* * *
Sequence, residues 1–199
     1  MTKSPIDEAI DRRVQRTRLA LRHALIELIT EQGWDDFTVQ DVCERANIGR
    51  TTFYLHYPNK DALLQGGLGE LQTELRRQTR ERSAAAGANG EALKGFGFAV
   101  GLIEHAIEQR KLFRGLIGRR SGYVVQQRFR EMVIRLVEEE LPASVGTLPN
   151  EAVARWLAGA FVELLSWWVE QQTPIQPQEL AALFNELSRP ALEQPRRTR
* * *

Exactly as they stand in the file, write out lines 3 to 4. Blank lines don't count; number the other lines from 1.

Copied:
    51  TTFYLHYPNK DALLQGGLGE LQTELRRQTR ERSAAAGANG EALKGFGFAV
   101  GLIEHAIEQR KLFRGLIGRR SGYVVQQRFR EMVIRLVEEE LPASVGTLPN